lionhead rabbit

Lionhead Rabbit Breed Information

Lionhead rabbit get its name from the distinctive wool mane. The mane is the result of a genetic mutation between a Swiss Fox and a Netherland Dwarf. Their unique look makes them very popular show rabbits, as well as domestic pets. The Lionhead rabbit grew famously in Europe and then United States in the late 1990s.

lionhead rabbit


The Lionhead rabbit originated from Belgium. As stated above, this genetic mutation rabbit gain fame in Europe first and then found their way to the United States in the 1990s. In United Kingdom, British Rabbit Council (BRC) recognized the Lionhead breed since 2002 and in 2013, American Rabbit Breeders Association (ARBA) accepted Lionhead in two colors, Tortoise and White (red eyes).



A Lionhead rabbit pride and joy are their long fur-coat. In order to maintain its long, soft fur, they need to be brushed weekly during non-shedding season but when shedding season comes, these rabbits go through a molt and need their daily brushing. This to avoid rabbit to ingest fur and causing a blockage in the digestive system.

There are two kinds of mane types that the Lionhead rabbit breed can have due to the number of genes. They can feature a single mane (one mane gene) or a double mane (two mane gene). The length of their wool around their heads usually does not exceed 2 inches. The only to differentiate single or double mane is when Lionhead is born. A double mane Lionhead have a V-form around their flanks while single mane will look like a common rabbit directly after birth.

A single mane will have long fur coat be around its head, ears, chin and sometimes on the chest and rump. This is the product of a purebred double mane mix with another breed in order to strengthen particular traits or to make a new set of color and pattern into the breed. A double mane have a thick mane of wool encircling the head and sometimes have wool on their flanks.

  • Weight: 1.36 kg
  • Coat length: Long , single maned or double maned
  • Color: Black, Chocolate, Blue, blue point, Blue-eyed White, Ruby-eyed White, Chestnut Agouti, Seal, Silver Marten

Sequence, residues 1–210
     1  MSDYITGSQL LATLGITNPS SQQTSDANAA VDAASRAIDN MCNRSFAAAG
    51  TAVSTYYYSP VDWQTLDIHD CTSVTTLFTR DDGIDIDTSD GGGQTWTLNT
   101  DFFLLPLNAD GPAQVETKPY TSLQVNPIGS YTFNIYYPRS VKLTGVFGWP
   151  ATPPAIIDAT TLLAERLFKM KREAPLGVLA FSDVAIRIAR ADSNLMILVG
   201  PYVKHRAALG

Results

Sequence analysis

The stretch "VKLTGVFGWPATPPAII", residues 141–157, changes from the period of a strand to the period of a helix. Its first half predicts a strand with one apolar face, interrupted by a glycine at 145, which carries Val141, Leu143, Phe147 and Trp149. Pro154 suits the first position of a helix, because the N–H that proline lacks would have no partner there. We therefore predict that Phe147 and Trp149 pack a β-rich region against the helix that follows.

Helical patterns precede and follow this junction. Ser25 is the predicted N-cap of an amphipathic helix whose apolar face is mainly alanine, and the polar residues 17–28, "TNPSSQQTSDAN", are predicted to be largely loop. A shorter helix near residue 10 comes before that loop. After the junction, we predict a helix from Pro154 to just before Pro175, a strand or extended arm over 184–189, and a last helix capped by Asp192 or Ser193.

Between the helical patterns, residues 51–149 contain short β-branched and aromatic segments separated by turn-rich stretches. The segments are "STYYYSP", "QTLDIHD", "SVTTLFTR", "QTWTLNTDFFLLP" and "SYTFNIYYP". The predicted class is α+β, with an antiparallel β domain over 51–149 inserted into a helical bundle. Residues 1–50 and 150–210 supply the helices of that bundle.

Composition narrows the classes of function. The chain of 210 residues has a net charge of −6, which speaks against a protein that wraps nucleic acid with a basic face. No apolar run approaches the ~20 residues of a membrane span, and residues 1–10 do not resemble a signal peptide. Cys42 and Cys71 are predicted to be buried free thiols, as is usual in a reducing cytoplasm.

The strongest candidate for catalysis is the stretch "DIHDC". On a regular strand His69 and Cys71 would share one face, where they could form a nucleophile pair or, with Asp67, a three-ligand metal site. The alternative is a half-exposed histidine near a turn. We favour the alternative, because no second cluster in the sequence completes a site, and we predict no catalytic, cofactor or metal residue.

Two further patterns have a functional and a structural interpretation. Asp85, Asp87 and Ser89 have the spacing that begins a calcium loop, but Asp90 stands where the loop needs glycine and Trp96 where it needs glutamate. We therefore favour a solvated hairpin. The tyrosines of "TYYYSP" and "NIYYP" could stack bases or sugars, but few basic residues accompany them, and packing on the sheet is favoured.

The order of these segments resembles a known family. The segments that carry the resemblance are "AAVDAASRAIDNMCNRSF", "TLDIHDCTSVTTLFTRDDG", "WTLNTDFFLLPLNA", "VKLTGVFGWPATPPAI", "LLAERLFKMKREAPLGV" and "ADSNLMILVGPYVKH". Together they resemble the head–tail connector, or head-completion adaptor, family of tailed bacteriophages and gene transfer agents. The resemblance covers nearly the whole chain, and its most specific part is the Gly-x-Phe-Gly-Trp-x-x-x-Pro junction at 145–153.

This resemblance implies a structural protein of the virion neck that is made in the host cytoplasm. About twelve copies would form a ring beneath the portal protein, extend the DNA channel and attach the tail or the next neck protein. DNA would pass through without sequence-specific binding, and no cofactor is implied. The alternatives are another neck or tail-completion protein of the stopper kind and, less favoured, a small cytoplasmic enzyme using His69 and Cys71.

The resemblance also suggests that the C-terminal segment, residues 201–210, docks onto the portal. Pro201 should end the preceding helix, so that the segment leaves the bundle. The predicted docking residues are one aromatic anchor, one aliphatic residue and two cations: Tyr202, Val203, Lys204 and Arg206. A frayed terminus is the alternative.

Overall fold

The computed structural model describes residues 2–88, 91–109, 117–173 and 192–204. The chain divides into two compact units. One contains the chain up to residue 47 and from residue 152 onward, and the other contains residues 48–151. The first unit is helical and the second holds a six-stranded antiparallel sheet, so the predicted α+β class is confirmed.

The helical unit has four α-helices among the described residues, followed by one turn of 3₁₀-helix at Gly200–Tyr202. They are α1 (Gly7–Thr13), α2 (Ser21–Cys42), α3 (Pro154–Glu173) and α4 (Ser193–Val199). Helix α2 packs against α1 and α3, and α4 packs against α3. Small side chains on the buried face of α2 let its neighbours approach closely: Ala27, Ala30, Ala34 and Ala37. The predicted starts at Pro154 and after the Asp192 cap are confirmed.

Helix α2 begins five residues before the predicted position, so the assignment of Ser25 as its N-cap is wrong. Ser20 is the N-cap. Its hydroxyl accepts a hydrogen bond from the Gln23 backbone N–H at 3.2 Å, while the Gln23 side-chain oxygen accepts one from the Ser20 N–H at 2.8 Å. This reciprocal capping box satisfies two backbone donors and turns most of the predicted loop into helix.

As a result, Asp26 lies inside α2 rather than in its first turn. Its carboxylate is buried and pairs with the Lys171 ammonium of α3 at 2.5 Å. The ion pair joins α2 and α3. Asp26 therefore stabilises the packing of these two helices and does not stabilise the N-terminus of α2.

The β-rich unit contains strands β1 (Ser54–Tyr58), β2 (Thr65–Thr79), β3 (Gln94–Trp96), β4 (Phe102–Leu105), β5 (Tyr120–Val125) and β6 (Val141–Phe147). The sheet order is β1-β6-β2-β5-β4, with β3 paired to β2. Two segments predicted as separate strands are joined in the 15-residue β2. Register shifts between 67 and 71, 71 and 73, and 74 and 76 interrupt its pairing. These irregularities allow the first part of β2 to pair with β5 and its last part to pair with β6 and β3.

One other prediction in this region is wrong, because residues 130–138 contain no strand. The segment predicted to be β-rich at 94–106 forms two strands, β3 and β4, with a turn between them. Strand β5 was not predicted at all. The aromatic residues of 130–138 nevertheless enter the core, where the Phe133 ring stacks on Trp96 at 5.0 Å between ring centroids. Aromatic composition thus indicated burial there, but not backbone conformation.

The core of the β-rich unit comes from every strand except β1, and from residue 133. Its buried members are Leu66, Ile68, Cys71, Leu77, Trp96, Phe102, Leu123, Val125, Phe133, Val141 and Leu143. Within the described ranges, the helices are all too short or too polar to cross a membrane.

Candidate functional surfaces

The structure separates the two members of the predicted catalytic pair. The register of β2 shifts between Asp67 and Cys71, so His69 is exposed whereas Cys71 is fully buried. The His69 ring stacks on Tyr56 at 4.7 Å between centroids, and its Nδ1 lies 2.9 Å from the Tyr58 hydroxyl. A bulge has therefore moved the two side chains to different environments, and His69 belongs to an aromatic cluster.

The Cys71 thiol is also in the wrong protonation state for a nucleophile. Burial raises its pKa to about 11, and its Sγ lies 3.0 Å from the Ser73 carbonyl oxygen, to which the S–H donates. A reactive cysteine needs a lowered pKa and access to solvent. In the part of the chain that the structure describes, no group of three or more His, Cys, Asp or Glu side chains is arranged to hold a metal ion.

• Pattern: Tortoise, Seal, Smoke Pearl, Blue Point, Siamese Sable, Sable Points, Smoke Pearl, Pointed White
lionhead rabbit

Attitude and Behaviour

Lionhead is a friendly and well mannered pet, although they can be quite skittish if they don’t feel safe. They need plenty of time to explore and bonding in order to see that friendly face. It is possible to train a Lionhead as they are very smart creatures. They also considered as an intelligent rabbit, which you can train easily to come, eat and even litter trained,. Thus make them a suitable house rabbits. Like any other rabbits, if the Lionhead is treated kindly and full of love, they make great family pets. However, as they can be unpredictably aggressive when frightened or stressed, experts say they aren’t suitable for families with small children.

  • Lifespan: 7 to 9 years
  • Active: Low
  • Intelligent: High

Care and Treatment

Lionhead rabbit are no more than a common rabbit. Although they are healthy and simple to care for compared to other rabbits. You should considered taking it to the veterinarian. There are no cases of this breed had genetic diseases been reported but they still can suffer from other rabbit symptoms. Rabbit breeders have done more then they could to make this breed healthier and less genetic disease. Some of the illnesses seen in this breed is:

  • Dental disease: Overgrown teeth, can change alignment of the mouth
  • Respiratory tract disorder: Upper teeth and gums become inflamed (lead to sinus infection).
  • Spinal injury: Injured when it uses its hind legs to kick out or dropped.
  • Gastrointestinal disorder: Gastric stasis can occur when their gut stops working or blocked, creating a build-up of gas and bacteria that causes bloating
  • Parasites: Cheyletiella mites can cause itching and hair loss, easily treated by vet

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